How Much Maintenance is Required for My Air Filter?

For the most part, the only air filter maintenance is replacing the filter. However, filter maintenance will depend on your unit; consult your owner’s manual. If your system has a reusable filter, you will need to wash it according to the manufacturer’s instructions rather than replace it.

Change Your Filter Regularly

The most important part of air filter maintenance is changing the filter on a regular basis. An air filter’s responsibility is to prevent large dust particles from damaging the equipment inside your heating and cooling system. Depending on the air filter you have installed in your unit it may even trap smaller particles, giving you cleaner indoor air.

The same ductwork and blower motor circulate air during the summer in a central air conditioning unit, which means the air filter must be changed year-round. Monthly checks on your filter will determine how dirty it is or if it’s clogged. Even checking it doesn’t mean you can skip changing it. You should change the filter at least every three months or when the seasons change.

Negative Effects When Your Filter Isn’t Maintained

Filter maintenance is extremely important to the lifespan and performance of your system. Failing to check or replace the filter will lead to:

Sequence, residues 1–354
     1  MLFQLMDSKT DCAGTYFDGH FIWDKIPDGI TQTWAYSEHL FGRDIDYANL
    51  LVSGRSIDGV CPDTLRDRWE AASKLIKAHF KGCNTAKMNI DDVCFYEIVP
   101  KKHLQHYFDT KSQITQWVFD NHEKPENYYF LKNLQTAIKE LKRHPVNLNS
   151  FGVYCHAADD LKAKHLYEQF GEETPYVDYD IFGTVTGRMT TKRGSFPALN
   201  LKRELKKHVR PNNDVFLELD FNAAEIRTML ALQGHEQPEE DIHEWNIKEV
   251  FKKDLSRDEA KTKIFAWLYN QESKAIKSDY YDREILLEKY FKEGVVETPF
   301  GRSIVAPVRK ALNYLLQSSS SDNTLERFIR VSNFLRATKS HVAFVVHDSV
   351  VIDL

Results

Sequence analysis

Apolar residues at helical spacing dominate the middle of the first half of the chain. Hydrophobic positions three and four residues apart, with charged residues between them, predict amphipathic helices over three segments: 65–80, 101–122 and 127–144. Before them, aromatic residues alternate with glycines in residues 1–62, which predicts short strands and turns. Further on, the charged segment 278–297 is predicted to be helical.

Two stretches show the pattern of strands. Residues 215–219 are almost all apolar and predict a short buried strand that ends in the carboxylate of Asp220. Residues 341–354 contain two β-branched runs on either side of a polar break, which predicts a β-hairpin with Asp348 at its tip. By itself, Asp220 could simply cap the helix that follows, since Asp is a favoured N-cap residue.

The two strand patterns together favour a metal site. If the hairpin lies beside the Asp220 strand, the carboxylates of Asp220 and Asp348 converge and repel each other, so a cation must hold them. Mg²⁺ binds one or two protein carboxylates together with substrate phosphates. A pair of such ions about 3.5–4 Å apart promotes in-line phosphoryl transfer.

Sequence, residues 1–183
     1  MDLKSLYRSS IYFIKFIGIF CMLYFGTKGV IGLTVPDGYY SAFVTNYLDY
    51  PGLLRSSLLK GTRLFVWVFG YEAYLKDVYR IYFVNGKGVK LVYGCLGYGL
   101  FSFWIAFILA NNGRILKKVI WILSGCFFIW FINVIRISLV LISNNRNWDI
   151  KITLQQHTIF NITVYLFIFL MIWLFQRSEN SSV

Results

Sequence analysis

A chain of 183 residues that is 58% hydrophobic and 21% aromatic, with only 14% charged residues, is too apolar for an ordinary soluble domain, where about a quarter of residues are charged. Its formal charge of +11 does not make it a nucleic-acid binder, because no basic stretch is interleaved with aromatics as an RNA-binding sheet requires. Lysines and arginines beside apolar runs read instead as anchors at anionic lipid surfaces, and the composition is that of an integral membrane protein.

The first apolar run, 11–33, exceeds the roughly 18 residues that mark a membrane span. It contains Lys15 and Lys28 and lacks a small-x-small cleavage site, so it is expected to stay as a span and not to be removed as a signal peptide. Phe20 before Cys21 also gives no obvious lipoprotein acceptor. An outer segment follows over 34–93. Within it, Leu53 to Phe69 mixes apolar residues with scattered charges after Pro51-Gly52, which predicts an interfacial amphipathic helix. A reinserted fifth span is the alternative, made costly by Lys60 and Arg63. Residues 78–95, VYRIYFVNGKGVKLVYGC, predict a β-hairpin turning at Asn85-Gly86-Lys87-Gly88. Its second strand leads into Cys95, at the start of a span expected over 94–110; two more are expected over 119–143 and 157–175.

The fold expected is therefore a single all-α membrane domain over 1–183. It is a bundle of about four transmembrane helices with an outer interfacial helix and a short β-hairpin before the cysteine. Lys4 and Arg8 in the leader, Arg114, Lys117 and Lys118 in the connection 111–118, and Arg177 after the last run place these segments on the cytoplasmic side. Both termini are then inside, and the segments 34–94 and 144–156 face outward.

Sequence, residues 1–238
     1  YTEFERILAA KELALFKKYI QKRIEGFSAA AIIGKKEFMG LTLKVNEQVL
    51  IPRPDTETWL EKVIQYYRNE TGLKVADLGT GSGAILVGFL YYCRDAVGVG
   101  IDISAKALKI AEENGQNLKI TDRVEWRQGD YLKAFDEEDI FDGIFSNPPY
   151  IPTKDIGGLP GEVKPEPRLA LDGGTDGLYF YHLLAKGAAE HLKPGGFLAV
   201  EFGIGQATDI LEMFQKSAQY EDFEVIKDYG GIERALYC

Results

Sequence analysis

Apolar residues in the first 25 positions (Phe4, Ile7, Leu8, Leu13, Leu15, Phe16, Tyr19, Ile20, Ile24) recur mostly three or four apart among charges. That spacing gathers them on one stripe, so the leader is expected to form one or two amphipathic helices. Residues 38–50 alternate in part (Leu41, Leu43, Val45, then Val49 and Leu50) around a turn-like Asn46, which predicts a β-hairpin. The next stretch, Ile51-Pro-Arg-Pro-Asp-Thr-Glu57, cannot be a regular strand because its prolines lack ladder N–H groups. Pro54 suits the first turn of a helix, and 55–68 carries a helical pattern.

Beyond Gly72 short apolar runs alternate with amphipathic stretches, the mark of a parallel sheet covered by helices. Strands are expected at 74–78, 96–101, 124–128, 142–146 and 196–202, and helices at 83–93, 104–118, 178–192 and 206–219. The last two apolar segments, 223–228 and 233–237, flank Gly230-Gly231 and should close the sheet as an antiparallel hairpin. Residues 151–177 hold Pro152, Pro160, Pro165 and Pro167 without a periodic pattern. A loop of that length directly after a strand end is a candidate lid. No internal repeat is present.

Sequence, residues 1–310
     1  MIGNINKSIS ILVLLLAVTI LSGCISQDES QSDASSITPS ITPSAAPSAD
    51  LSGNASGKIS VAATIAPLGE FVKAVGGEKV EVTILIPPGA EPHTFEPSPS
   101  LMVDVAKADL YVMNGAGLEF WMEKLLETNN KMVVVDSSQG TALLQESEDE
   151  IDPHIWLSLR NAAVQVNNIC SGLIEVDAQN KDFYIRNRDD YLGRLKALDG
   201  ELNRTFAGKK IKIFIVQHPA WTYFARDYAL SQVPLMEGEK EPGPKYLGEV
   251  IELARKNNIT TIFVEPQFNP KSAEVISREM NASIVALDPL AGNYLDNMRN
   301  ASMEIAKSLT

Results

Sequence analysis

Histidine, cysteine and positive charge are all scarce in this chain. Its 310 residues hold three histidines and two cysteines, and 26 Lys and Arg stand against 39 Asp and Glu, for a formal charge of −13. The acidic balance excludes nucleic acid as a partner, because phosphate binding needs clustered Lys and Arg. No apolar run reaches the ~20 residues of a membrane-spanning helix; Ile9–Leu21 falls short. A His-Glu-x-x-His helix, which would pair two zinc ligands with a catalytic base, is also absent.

• Poor indoor air quality
  • Increased repairs
  • Reduced home comfort
  • Higher energy bills
  • Decreased heating and cooling efficiency


MERV Filter Scale

Whether your filter is washable or disposable, it comes with a MERV rating. The MERV rating is the Minimum Efficiency Reporting Value, which rates each filter’s level of efficiency at trapping and eliminating pollutants from your indoor air. The typical MERV ratings are rated below:

  • Electrostatic filters: MERV 1 to MERV 4
  • Disposable filters: MERV 1 to MERV 8
  • Pleated filters: MERV 5 to MERV 8
  • Cartridge filters: MERV 5 to MERV 8
  • Bag filters: MERV 9 to MERV 16
  • Box filters: MERV 9 to MERV 16


MERV Warnings

Before you decide to upgrade your filter to a high efficiency MERV 16 box or bag filter, consider the problems you might face by switching:

  • High-efficiency filters cost significantly more than standard filters. They do trap smaller particles, but the difference in air quality isn’t always noticeable unless you experience respiratory problems.
  • Not all furnaces can accommodate thicker air filters, which high-efficiency filters are thick compared to standard filters. A filter that doesn’t fit properly allows particulates to escape filtration and circulate back into the atmosphere, which decreases the filter’s effectiveness.
  • High-efficiency filters have extra weaves to collect smaller particulates but they reduce airflow, which will increase utility bills and may result in untimely failure of your system.


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